Advice

The risks and benefits of outsourced staff

Outsourcing has been around for many many years now, and if used in a sensible and monitored manner it is a good thing for both the supplier and the hotel operator.

There are hotels that rent all bedlinen, towels and all room materials, and this includes the washing. There are hotels that receive all their food needs from outsourcing and just need to serve it to their guests.

But I am not here to discuss these services nor argue their merits. They are excellent tools in the right hands.

What I would like to write about is the outsourcing of staff and the extremely negative impact that this has had on independent hotels, and all hotels that abuse the service.

Of course it is great that you can call upon temporary staff that are not employees, that you have no employer – employee relations with and that are just a phone call away. Yet there are many pitfalls to this system, both in fractious relations between hotel staff and the agency staff, as well as the ugly hit to the service standards.

To illustrate let me tell a story from way back when I was a ‘stagiaire’ in London following graduation from the Lausanne Hotels chool. I was given the title of Assistant to the VP Food and Beverage manager. My main responsibility back then in the winter of 1973 was to replenish the tea and biscuit cupboard for the board members and executives, but of course no one in the other hotels knew that I was on my ‘practical’.  I enjoyed tremendous privileges when out in the hotels we owned at Norfolk Capital Hotels.

I remember one particular time when visiting a large hotel that we had just purchased. It was a hotel with a tremendous name for good service, loyal staff and ever returning guests.

The last owner happened to be on property and he invited me to sit with him for a while and enjoy a cup of tea with him.

“Why,” he asked me, “have you fired so many staff since the takeover?” “We caught them stealing Sir.” I replied. His next words amazed me, especially since I was staring out on my career and was still rather ‘green’. “Oh,” he replied casually, “I know they stole. I knew that the bartender stole, that the room maids were not averse to lifting some stuff, that the waiters sometimes stole.

I knew this, but I also knew how much they stole and kept it in check. This was my way of incentivising them, and they stayed loyal, of course. Not only loyal, but there to receive the returning guests and greet them with personalized service for which we were known. I was happy with the yearly results, they were happy with their jobs and ‘rewards’, and that is a win – win.”

I learned a few lessons from this encounter. Of course I am far from advocating that one lets employees steal. All employees must be of high personal integrity, certainly.

But what it did teach me is that hotels must find ways to keep staff loyal and on board for many years. What we had done is not thinking things through and we did not plan other ways to keep those staff in the hotel, and we lost reputation fast. We also entered a period of high staff turnover, impacting the service and driving out loyal clientele.

So now let’s go back to the outsourced staffing.

Many independent employers have got used to solving all their problems by hiring from agencies on a daily basis. Need staff tomorrow? Not a problem. Day after not necessary? No problem either.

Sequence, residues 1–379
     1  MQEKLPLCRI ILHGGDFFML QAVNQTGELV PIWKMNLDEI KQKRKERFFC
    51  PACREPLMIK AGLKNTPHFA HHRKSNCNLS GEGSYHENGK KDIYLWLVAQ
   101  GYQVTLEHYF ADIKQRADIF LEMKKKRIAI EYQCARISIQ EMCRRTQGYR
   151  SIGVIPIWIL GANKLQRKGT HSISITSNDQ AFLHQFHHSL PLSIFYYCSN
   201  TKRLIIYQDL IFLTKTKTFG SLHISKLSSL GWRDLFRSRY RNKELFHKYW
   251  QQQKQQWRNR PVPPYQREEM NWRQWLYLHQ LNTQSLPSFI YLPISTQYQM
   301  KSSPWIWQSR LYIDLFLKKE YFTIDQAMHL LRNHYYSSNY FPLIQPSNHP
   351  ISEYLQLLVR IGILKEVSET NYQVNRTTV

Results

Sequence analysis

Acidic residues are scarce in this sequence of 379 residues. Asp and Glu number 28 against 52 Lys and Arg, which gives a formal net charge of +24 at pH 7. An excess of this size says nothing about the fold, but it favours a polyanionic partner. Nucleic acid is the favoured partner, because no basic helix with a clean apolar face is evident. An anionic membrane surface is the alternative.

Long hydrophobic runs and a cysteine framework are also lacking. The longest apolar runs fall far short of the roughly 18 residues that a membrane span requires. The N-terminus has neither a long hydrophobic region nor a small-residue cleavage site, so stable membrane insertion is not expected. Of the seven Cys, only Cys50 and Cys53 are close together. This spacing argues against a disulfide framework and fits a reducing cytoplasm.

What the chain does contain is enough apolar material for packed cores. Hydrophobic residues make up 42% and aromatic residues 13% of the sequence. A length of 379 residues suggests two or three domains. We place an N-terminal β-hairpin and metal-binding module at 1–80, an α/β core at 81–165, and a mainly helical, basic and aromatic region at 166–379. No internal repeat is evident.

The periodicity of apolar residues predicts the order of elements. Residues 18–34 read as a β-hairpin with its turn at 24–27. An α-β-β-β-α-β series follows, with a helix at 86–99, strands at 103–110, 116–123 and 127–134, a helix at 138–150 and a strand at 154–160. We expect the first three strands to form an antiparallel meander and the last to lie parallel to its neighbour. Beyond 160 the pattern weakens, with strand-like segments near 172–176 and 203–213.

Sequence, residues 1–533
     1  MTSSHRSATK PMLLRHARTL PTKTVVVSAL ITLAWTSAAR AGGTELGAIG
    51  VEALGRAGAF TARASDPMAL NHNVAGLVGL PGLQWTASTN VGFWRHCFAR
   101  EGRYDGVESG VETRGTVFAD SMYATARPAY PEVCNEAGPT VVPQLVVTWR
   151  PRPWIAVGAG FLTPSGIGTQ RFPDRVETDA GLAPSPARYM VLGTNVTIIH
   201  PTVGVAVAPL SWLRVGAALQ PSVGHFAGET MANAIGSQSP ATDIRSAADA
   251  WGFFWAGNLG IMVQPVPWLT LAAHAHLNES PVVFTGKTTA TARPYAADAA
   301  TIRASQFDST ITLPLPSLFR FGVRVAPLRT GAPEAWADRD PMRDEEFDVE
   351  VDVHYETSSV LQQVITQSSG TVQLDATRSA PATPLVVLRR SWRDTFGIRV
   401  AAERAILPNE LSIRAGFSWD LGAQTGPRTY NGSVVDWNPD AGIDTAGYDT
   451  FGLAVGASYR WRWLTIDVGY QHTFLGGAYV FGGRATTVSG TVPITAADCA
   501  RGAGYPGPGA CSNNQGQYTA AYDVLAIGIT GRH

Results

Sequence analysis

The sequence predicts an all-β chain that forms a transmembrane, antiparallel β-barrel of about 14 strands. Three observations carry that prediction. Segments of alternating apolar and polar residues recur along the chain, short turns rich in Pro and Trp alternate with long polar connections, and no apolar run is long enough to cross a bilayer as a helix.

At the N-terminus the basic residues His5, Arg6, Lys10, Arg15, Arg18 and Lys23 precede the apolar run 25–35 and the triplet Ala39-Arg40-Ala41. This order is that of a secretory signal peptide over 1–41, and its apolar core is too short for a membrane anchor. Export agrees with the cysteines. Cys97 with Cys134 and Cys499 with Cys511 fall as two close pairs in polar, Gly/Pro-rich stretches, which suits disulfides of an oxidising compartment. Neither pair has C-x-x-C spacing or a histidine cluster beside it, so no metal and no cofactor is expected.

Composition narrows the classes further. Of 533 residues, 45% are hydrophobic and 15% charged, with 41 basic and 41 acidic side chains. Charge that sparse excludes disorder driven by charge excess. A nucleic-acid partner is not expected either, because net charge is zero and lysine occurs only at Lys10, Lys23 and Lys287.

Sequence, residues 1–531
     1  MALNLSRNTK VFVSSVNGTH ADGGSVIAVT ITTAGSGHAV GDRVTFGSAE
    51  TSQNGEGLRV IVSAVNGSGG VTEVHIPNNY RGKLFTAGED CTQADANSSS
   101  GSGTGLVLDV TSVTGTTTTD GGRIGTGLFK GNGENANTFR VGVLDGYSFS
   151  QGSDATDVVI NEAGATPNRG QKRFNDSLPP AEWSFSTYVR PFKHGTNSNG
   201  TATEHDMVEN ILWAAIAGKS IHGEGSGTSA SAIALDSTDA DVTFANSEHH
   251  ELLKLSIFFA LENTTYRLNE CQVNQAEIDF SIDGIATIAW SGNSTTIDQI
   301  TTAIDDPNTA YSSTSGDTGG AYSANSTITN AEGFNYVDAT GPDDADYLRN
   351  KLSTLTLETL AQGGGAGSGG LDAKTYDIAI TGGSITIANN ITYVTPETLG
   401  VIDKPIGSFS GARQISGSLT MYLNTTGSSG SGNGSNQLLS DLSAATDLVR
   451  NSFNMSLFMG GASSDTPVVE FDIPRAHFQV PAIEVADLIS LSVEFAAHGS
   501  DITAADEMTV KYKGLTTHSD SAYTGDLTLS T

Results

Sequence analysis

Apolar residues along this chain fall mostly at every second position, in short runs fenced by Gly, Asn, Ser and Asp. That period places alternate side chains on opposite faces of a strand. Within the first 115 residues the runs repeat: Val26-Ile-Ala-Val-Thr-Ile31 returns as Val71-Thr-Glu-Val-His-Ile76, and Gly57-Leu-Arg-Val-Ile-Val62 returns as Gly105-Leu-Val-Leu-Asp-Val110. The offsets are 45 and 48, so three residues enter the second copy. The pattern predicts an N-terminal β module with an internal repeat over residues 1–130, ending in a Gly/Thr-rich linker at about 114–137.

When outsourcing service staff becomes habit, that is when the erosion picks up pace and the real damage starts to impact service and damage reputation.

What happens is the following:

  • Long term and loyal staff realise that they are being paid much less per hour than the temporary agency staff.
  • Agency staff are very basic and unprofessional, just hired hands.
  • Agency staff are here today, replaced tomorrow.
  • Agency staff are hard to train due to daily replacements.
  • Agency staff have absolutely no loyalty to any hotel they work in.
  • Agency staff give a level of service that is unacceptable.
  • Agency staff are notorious for unpredictability, not showing up.

This leads to long term staff leaving to join the ranks of the agencies to earn more, and this in turn leads to more dependence on outsourced service personnel.

The vicious cycle has begun and it is difficult to break out of it.

Since agency staff are so much more expensive than your hotel staff this leads to:

  • Considerable increase in personnel expenses.
  • Considerable time wasting in outsourcing on a daily basis.
  • Downgraded service.
  • Increase in complaints.
  • Increased compensation levels.
  • Lack of control of outsourced staff, especially in housekeeping.
  • Ignorance of agency staff towards hotel guests regarding hotel information.
  • Ignorance of menus, foods served.
  • Increased security risk, theft.
  • Depreciation in numbers of returning guests.

In the long run turning to the idea of increasing your service staff by hiring temporary workers will turn out badly in many ways.

You will find it difficult to hire hotel staff due to reputational problems.

As with so many other subjects, used in moderation and when really necessary, agency staff is a good solution.There is always a good balance between your own hotel staff and the need to bolster them in high traffic times.

If you go all out on agency staff you are liable to get sucked into a whirlpool from which it is very difficult to escape.

So many hotels are the same today, but what differentiates them are the service standards offered by each different department, the level of warmth and professionalism that only loyal hotel staff can offer.

If you go all out on agency staff you will soon find yourself in a strong whirlpool from which it is difficult to escape.

You will be turning your back on the only ones that can save your hotel and make it thrive.

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